Tom:The car turns onto a road with less traffic, and Johnny appears pleased. It’s listening to him again. Ahead, I see a low building with a large SaberCorp logo on the side. Cars are going in one end and coming out the other; it’s a high tech car wash that is an essential component of the Saber initiative.
Each Saber is independently powered, and the source of that power is its SolarZorb body, which is incredibly durable and efficient. It can generate power on overcast days and at night from overhead streetlights. As long as it’s kept clean.
Wash stations are located throughout the city, and each car is programmed to pass through two of them every day to provide redundancy if a station is, for whatever reason, not operating at maximum effectiveness.
Our car joins the steadily moving lineup for the station.
“The interior of the car is not waterproof,” Johnny says pointing to the hole in the dome. “Once the water jets get working, the car will report a systems failure and the whole line should come to a halt. That’s when we make our move.”
“Sure. How did you make that hole, anyways? I was always told the domes were unbreakable.”
He holds up his ring finger to show the band around it.
“It’s a sonic device. I wanted them sold everywhere as a safety precaution if the cars were ever in an accident. Nate wouldn’t have any of that. He said the cars would never be involved in an accident so there would be no need for such a thing.”
Our car drives slowly into the building, which is a blur of mechanical action. Articulated arms and hoses rush into position just ahead of us as overhead water jets are turned on. Through the spray, we can see several dozen cars ahead being meticulously soaked and scrubbed by an array of jets, spinning brushes and ultrasonic heads that, I’m told, employ cavitation to agitate dirt from hard-to-scrub places.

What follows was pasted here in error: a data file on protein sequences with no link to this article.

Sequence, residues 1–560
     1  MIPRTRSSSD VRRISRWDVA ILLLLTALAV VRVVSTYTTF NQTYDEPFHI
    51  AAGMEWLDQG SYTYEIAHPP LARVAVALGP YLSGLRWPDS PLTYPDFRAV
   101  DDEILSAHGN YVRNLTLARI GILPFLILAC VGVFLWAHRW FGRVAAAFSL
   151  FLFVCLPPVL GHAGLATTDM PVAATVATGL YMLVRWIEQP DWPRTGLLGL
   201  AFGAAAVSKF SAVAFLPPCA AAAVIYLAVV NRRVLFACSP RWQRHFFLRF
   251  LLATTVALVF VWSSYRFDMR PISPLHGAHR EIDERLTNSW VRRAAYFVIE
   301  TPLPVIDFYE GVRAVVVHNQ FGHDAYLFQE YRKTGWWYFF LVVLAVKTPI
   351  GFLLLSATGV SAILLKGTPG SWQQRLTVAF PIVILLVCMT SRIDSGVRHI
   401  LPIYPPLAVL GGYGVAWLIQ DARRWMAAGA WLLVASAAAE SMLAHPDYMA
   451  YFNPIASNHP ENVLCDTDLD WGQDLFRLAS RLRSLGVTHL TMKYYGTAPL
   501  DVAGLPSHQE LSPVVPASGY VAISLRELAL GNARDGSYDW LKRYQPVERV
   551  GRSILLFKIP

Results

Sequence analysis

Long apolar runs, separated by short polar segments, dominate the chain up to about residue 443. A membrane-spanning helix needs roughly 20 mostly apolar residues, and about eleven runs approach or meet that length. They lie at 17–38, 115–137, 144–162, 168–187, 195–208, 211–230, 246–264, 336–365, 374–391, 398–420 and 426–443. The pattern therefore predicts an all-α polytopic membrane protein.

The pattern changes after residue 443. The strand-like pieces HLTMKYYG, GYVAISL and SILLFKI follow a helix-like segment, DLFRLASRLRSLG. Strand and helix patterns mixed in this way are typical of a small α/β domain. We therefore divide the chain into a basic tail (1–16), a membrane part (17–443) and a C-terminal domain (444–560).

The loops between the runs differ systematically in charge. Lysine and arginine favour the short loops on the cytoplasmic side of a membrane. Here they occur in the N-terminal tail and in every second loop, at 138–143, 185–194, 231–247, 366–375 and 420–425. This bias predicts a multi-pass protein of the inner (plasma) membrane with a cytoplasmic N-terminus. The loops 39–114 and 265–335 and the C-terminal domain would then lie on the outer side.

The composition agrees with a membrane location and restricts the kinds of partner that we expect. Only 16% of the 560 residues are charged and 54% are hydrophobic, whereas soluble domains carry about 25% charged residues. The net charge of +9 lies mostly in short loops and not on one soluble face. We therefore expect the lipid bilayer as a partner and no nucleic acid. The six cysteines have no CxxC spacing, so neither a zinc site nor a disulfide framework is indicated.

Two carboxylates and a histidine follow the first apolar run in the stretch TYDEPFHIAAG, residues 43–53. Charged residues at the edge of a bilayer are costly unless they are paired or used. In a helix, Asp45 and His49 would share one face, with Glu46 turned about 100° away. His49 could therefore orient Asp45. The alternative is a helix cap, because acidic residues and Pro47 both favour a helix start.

We both move away from the open window when the first hot spray pours through. The car fills with steam as we notice small arcs crossing the controls of the entertainment system. It only takes a few moments for smoke to begin seeping from the affected areas and trigger an alarm. The jets slow to a light spray as they turn off.
Johnny pulls himself through the hole but finds no grip on the wet car. He falls ungracefully to the floor. I follow and manage to retain my soap-soaked footing, only to have one of the swinging washer arms, returning to its station, hit me on the back of the head and send me down.
Johnny helps me up and we carefully slide our way through a shroud of steam and mist toward an exit door.
The rising sun, and the first feel of its morning heat, revives us some as we make our way along the busy street next to the car wash. Across from us is SaberCorp, but we can’t get there without using the elevated pedestrian crossover that’s just ahead.
We don’t get too far before the hairs on the back of my neck stand at attention. There is an immediate danger that I sense rather than see. A disturbance in the air behind us.
“Get down!” I yell.
I kick my feet out and drop to the sidewalk. It’s a narrow miss — a drone passes through the airspace recently vacated by my head.
It climbs about 50 feet to where another drone is circling above.
“I think they know who we are!”
“I thought they just monitored traffic.”
“Not exactly. They ensure traffic keeps moving. And it seems anything that could impede traffic is now considered a threat. Run!”
The missile-shaped automatons begin steep power dives.